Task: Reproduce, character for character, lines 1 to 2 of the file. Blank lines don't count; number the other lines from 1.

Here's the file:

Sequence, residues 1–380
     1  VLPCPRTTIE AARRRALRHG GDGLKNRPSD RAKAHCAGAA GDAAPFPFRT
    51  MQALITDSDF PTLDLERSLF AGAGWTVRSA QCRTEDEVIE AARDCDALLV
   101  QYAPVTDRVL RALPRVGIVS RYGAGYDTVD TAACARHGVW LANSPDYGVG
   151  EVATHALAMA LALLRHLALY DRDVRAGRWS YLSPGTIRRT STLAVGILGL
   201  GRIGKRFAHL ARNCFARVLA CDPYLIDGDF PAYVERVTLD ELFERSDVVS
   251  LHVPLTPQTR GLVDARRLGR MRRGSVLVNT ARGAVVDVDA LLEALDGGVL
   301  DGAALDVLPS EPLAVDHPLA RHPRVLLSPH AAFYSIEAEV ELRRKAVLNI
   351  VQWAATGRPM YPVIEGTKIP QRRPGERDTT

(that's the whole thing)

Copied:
Sequence, residues 1–380
     1  VLPCPRTTIE AARRRALRHG GDGLKNRPSD RAKAHCAGAA GDAAPFPFRT